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Flickr announced Friday that it plans to dump a number of features, part of a “New Year’s cleaning” that the Yahoo-owned online photo service said will bring a “renewed sense of focus.”

Among the casualties is Picnik, the Seattle online photo editing service that Google purchased in 2010. In a blog post, Flickr said that it would discontinue the Picnik service in a few months.

“We know that you love editing your photos on Flickr and this transition doesn’t, in any way, mean that there will no longer be editing capabilities,” the company wrote. “It’s actually quite the opposite: we are working on making the editing experience even better on the site. We know you care about speed, simplicity and quality and this is exactly what we are working to provide you with. More on this soon, but we can’t wait to show you what we have in store!”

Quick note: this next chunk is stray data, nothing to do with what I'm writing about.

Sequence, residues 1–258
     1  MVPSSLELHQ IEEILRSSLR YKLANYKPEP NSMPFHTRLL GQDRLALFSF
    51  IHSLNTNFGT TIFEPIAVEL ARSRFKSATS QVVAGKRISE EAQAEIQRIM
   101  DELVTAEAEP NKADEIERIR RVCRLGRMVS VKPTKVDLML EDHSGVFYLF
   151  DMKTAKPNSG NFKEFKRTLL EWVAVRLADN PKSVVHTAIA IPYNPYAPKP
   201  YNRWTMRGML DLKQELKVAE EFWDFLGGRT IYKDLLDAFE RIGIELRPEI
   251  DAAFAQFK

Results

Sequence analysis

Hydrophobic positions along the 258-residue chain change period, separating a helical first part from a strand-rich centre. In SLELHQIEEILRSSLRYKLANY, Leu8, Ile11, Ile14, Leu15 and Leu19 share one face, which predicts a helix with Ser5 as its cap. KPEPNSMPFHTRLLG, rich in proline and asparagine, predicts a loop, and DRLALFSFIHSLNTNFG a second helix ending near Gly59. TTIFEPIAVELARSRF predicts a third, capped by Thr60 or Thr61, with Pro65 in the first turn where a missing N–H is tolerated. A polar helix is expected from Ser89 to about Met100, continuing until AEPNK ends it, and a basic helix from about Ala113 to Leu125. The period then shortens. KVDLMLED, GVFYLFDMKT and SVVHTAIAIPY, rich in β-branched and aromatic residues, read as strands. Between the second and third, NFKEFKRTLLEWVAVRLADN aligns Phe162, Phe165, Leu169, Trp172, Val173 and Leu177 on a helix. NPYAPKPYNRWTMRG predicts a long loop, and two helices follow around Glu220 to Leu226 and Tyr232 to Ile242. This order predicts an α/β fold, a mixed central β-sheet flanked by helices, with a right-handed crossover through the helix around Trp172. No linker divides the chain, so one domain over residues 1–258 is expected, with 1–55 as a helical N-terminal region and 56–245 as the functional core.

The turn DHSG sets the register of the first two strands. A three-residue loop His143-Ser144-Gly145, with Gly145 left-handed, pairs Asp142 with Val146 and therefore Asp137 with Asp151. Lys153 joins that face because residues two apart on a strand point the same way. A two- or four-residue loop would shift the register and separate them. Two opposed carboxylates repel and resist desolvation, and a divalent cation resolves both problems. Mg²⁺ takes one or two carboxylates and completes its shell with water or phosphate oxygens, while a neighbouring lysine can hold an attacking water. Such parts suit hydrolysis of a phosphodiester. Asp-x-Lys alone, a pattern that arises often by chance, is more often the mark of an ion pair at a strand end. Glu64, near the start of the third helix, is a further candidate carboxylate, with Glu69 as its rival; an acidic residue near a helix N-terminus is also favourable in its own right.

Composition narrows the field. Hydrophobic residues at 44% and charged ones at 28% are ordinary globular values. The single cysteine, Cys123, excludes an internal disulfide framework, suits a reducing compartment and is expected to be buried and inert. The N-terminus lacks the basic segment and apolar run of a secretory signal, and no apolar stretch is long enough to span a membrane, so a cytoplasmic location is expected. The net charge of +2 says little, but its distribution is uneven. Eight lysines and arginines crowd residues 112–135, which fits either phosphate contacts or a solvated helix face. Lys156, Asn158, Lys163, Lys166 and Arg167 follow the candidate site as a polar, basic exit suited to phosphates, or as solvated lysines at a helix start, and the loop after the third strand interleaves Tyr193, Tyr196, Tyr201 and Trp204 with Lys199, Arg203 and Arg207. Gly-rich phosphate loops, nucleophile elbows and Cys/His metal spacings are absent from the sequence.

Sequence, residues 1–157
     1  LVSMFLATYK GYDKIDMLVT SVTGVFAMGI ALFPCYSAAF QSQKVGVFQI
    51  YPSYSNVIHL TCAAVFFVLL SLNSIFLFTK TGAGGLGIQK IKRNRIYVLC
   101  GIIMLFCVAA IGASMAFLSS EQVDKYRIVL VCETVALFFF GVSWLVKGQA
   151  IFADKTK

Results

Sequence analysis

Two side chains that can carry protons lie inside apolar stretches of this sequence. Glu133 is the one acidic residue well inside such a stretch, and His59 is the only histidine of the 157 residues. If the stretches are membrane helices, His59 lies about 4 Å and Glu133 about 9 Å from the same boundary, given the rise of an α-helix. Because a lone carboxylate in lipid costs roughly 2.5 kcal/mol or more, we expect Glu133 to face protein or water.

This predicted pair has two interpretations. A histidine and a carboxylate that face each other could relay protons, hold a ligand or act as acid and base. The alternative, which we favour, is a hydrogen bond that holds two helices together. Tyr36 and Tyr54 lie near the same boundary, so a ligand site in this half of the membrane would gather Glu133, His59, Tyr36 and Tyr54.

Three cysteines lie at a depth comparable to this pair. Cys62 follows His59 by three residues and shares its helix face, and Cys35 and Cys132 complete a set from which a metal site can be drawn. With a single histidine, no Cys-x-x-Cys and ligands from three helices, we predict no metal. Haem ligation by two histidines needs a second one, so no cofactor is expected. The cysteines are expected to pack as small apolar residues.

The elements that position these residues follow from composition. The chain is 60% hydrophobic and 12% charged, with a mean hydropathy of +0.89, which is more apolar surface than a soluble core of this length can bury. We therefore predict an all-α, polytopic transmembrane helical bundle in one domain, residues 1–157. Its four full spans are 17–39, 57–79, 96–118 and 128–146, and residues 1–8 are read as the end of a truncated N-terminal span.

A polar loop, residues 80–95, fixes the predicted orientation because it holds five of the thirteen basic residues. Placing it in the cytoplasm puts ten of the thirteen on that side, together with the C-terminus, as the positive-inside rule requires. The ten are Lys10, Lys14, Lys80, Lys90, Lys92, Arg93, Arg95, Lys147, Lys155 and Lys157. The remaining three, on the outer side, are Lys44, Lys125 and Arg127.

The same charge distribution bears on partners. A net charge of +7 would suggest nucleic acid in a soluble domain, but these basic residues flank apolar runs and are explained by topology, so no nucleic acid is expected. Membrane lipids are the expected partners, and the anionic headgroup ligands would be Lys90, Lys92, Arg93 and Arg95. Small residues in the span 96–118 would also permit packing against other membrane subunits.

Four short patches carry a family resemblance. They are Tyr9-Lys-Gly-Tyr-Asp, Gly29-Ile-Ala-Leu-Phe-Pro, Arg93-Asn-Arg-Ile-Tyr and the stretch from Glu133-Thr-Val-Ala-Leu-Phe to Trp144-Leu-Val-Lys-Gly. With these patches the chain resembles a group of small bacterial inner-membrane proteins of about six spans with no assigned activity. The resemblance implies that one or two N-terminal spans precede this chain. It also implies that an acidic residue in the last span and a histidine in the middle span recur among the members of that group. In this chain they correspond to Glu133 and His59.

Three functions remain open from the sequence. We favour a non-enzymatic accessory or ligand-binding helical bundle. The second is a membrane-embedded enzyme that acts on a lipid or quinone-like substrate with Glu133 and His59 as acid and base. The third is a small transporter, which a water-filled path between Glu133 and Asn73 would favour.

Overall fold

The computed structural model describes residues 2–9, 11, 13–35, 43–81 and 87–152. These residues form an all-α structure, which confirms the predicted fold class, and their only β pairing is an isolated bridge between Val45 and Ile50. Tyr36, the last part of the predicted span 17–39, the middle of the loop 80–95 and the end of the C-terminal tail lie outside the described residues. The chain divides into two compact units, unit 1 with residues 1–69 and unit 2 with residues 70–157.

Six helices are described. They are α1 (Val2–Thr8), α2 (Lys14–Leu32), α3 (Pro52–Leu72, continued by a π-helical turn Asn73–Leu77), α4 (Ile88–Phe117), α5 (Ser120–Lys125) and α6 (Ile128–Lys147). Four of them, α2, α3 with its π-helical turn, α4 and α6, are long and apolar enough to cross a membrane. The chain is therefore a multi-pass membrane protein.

In addition to axing Picnik, Flickr said that it was moving away from supporting Windows 7 Slate PCs.

“While we continue to build the best photo sharing app for Windows Phone, we made the decision to discontinue its Slate counterpart,” the company said.  “We see great traction with the Windows Phone app and are going to continue to release frequent updates, but the Touch-PC version of the Silverlight App will not be supported after March 20.”

Other features that are getting the boot including Flickr Clock, FlickrAuth, Photo Session and support for Internet Explorer 7 and Firefox 3.6.

“We’re excited about what this year has in store for Flickr. With this renewed focus, we can bring more fun and meaningful Flickr features and experiences to you,” the company said.

[Hat tip to The Next Web]

[Editor’s note: Former Picnik CEO Jonathan Sposato is an investor in GeekWire]

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